How often do you read a piece in the newspaper that explicitly makes reference to Maurice Merleau-Ponty? Can’t say that I ever had until I stumbled across this article, ‘Don’t Just Stand There, Think,’ on embodied cognition by science writer Drake Bennett in The Boston Globe. It’s all over the map, making brief references to a host of different research projects, some of them more obviously anti-Cartesian than others. The piece might make an excellent entry point for people wanting to introduce others to the significance of embodiment for human cognition.
In particular, the article discusses a number of examples that highlight the ways in which cognition makes use of motor capacities and perceptual abilities, rather than simply being just some disembodied form, such as logic, signification, or recall. Aside from more obvious cases where embodiment affects thought, Bennett briefly touches on some of the more counter-intuitive cases:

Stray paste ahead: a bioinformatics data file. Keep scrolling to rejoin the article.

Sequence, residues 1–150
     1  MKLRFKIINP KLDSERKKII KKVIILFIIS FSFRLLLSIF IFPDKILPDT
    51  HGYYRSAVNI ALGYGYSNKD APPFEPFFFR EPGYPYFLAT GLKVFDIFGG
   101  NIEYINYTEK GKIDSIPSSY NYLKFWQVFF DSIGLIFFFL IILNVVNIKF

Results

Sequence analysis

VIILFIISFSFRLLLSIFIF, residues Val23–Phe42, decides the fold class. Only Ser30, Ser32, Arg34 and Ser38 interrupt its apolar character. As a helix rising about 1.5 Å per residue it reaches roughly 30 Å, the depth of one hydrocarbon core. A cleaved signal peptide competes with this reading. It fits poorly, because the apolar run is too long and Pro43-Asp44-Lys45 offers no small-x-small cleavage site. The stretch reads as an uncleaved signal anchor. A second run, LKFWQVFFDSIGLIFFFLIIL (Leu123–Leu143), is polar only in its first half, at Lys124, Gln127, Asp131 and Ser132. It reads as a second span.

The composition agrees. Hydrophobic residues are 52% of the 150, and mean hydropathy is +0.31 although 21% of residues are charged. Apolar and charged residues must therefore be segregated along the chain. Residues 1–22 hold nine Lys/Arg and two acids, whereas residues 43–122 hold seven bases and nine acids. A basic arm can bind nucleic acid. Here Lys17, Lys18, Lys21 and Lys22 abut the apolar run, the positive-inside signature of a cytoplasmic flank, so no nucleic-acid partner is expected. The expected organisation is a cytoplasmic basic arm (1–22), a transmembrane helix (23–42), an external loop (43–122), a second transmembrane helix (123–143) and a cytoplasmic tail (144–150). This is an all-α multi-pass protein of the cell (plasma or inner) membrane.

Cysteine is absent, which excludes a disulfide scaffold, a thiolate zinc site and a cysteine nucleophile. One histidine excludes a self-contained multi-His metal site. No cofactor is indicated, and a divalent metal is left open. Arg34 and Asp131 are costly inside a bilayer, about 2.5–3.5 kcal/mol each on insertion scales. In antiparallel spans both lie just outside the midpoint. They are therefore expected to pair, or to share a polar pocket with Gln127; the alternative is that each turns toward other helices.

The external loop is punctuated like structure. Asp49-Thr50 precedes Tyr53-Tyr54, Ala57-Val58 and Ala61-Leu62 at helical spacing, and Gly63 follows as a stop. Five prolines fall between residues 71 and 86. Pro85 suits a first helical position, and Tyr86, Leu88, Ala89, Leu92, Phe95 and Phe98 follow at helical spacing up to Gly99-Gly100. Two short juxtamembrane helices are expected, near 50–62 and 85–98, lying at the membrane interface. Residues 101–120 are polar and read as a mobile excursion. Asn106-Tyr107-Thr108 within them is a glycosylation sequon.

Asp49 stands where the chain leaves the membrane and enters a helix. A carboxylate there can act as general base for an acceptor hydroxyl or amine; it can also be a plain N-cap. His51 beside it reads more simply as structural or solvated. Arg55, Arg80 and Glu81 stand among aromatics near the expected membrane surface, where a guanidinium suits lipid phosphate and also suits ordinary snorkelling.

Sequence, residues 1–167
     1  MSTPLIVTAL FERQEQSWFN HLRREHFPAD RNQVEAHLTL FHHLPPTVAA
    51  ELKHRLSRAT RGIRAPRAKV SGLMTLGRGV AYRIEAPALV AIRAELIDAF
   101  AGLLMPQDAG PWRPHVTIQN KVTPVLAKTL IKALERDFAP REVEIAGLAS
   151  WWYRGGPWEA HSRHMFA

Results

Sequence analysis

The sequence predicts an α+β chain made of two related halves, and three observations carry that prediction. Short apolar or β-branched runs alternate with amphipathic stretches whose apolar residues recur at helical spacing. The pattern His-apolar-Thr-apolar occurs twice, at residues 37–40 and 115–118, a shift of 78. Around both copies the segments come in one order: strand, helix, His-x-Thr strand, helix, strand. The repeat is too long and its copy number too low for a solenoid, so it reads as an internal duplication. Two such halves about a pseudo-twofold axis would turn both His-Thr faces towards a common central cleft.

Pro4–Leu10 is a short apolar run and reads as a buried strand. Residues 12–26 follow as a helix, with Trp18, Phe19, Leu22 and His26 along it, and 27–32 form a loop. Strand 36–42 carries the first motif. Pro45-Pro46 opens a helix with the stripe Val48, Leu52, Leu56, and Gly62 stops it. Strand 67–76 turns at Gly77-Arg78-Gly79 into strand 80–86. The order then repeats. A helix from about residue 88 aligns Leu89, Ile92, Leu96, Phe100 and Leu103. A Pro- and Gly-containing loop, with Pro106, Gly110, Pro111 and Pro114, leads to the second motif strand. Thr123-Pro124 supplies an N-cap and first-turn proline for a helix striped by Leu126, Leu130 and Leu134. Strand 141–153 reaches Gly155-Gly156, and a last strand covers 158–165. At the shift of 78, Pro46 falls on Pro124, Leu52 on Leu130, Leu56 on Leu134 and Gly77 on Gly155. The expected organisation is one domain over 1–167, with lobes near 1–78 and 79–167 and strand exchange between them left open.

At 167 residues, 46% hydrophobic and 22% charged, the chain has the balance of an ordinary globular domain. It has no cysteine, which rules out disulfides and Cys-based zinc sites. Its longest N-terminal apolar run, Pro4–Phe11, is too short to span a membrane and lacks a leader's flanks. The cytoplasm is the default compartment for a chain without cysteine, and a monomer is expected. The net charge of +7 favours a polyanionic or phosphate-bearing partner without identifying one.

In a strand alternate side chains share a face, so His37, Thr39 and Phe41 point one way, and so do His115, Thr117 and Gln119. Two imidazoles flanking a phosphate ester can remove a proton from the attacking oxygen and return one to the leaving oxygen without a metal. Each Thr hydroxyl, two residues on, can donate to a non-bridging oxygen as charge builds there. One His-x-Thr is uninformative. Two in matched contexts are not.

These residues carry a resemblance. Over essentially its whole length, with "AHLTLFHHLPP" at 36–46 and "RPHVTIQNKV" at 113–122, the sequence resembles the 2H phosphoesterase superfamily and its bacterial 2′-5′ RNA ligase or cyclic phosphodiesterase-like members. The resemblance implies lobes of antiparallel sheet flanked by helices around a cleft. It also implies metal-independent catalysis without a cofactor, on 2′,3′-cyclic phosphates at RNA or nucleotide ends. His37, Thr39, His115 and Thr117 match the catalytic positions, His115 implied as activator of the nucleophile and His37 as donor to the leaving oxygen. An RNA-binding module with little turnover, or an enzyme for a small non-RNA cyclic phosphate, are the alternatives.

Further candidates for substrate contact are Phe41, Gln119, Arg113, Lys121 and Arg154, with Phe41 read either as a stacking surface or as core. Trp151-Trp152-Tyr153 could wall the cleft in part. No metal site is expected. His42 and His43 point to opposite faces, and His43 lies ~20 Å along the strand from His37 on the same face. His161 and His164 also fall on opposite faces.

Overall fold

A few [neuroscientists, linguists, and philosophers] argue that human characteristics like empathy, or concepts like time and space, or even the deep structure of language and some of the most profound principles of mathematics, can ultimately be traced to the idiosyncrasies of the human body. If we didn’t walk upright, for example, or weren’t warm-blooded, they argue, we might understand these concepts totally differently. The experience of having a body, they argue, is intimately tied to our intelligence.
Bennett makes references to mirror neurons, research by Sian Beilock and Lauren Holt suggesting that athletes’ perceptions are shaped by their expertise, Susan Goldin-Meadow’s work on gesture and thought, and a number of other intriguing research projects. There’s no links to the original research reports or articles, but the interested reader could easily track them down.
In particular, one quote reminded me of Daniel’s earlier post on cultural differences in puzzle solving. Beilock, after doing research on hockey players’ ability to quickly understand photographs of hockey, came to the conclusion that, ‘People with different types of motor experiences think in different ways.’ This is a consequence of embodied cognition, and it may help to explain certain types of differences in reasoning, perception, or cognition.
The article hardly breaks new ground, but it is a very good quick summary of a lot of relevant research. I’d highly recommend it; and it will be a great one to share with friends and colleagues and anyone else who wonders what you’re on about when you mention embodied cognition.